Oil Logs Fourth Straight Week Of Losses As Economic Fears Persist

by Ship & Bunker News Team
Friday May 12, 2023

Oil prices on Friday ended the week largely as expected, with perpetually fearful traders clinging to their assumptions that world economies are in trouble and causing two key benchmarks to drop by over 1 percent.

The trigger for the losses was said to be the postponement of a debt limit meeting between U.S. president Joe Biden and top lawmakers that had been scheduled for Friday; although all principals agreed to meet early next week.

Aides from both sides are reportedly discussing ways to limit federal spending, with the overarching aim to raise the government's $31.4 trillion debt ceiling in order to avoid a default.

That, combined with modest gains for the U.S. dollar against the Euro on Friday caused Brent to settle down 81 cents, or 1.1 percent, to $74.17 per barrel, while West Texas Intermediate fell 83 cents, or 1.2 percent, to $70.04.

Oil prices have now incurred their fourth straight week of losses and crude has retreated by about 15 percent over the past month.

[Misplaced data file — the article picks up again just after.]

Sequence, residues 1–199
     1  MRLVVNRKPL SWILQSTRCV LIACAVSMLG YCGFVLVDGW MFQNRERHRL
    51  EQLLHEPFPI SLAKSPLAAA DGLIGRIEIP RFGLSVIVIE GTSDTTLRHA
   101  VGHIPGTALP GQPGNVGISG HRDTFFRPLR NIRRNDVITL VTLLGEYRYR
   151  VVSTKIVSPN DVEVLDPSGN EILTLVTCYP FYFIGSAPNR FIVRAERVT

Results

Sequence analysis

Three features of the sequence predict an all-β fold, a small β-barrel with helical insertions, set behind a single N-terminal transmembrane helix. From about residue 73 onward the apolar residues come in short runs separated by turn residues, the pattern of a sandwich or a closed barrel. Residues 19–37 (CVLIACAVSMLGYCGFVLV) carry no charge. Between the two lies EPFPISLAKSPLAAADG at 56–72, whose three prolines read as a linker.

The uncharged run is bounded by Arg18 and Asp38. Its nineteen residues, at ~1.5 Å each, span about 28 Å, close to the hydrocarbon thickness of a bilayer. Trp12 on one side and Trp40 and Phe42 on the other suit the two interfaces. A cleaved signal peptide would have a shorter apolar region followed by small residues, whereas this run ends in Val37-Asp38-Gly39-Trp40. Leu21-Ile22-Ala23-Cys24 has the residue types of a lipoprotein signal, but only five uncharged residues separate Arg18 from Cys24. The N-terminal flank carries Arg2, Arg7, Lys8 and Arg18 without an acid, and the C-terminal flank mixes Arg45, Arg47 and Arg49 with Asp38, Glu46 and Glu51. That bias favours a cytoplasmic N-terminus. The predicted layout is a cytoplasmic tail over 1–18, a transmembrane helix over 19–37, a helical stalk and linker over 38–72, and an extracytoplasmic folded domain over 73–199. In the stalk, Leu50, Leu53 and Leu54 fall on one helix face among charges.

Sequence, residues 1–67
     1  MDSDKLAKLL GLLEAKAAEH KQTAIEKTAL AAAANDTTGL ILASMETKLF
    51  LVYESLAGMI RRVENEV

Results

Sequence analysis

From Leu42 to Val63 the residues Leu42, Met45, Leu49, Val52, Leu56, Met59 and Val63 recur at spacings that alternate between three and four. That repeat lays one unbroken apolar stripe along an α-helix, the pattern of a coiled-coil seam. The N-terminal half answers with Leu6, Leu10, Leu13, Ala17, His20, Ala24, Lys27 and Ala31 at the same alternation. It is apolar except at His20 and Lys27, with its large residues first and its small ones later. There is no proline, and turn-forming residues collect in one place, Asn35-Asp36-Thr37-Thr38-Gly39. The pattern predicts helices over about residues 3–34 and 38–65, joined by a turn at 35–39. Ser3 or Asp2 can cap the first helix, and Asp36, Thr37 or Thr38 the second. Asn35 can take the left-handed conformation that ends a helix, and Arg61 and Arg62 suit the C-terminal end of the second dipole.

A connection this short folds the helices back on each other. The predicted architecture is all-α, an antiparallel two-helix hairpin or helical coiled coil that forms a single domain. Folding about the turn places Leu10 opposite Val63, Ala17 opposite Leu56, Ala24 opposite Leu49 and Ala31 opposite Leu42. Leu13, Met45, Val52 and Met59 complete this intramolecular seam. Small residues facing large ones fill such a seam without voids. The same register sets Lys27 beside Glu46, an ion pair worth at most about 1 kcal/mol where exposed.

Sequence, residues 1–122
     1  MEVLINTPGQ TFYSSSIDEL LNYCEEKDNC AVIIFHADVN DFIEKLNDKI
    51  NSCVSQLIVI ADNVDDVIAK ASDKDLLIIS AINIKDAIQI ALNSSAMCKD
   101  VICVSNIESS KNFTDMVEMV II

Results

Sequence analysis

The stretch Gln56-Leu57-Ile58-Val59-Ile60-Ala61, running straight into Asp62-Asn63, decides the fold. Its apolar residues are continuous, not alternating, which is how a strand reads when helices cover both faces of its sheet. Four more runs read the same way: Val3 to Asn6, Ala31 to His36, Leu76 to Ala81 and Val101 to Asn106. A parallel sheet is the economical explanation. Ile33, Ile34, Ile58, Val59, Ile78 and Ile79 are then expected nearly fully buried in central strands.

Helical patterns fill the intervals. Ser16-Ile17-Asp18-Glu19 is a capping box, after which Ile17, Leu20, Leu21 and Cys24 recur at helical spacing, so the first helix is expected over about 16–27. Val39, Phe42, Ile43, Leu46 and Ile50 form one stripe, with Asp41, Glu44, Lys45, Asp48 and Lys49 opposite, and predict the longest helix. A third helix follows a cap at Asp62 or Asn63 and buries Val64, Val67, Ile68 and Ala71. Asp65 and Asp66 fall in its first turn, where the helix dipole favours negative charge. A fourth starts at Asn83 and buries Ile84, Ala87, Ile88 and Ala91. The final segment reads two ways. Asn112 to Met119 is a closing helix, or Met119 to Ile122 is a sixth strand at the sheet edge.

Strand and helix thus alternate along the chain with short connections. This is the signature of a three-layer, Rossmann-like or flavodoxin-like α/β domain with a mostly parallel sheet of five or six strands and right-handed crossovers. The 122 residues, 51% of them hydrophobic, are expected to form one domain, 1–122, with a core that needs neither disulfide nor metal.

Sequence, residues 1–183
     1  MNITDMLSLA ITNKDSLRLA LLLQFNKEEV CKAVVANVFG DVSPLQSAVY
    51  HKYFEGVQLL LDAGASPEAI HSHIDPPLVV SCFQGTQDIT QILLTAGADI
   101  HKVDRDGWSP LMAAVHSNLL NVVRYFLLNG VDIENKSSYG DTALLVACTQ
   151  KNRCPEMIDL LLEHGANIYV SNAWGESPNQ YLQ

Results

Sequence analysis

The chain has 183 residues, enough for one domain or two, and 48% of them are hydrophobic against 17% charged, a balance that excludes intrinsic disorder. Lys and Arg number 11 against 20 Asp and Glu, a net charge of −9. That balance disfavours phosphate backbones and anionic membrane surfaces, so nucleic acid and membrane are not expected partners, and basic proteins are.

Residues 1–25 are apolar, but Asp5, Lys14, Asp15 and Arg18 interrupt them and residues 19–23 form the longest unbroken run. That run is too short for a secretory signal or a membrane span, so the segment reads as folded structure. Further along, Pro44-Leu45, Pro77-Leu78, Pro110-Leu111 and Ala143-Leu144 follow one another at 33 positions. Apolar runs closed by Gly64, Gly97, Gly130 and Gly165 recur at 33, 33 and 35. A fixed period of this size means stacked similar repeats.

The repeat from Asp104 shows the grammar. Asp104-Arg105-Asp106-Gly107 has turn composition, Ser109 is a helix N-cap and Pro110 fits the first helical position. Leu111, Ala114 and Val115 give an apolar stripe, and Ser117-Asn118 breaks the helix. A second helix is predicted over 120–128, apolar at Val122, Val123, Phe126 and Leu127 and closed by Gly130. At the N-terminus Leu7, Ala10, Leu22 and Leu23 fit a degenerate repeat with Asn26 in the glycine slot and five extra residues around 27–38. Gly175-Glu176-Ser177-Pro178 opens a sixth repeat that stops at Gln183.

John Kilduff, founding partner at Again Capital, said, "Lack of confidence in the economy is translating to a retreat to the safer dollar, and is also causing pessimism about oil demand."

Adding to Friday's gloom was Michelle Bowman, governor at the U.S. Federal Reserve, who told media that her organization will probably need to raise interest rates further – after widespread talk that rate hikes were finished for the time being.

She said, "Should inflation remain high and the labor market remain tight, additional monetary policy tightening will likely be appropriate to attain a sufficiently restrictive stance of monetary policy to lower inflation over time."

Also on Friday, Citigroup reduced its forecast for Brent crude from $84 per barrel to average $82 per barrel this year, with demand continuing to fail to meet expectations.

Still, some analysts are perplexed by the bearish attitudes, and this was summarized by Alex Kimani, investor and researcher for Safehaven.com, who wrote, "A rather puzzling trend is being observed in the oil markets: there's a big disconnect between inventory data and oil prices."

Kimani went on to state with regards to energy stocks, "there simply aren't better places for people investing in the U.S. stock market to park their money if they are looking for serious earnings growth."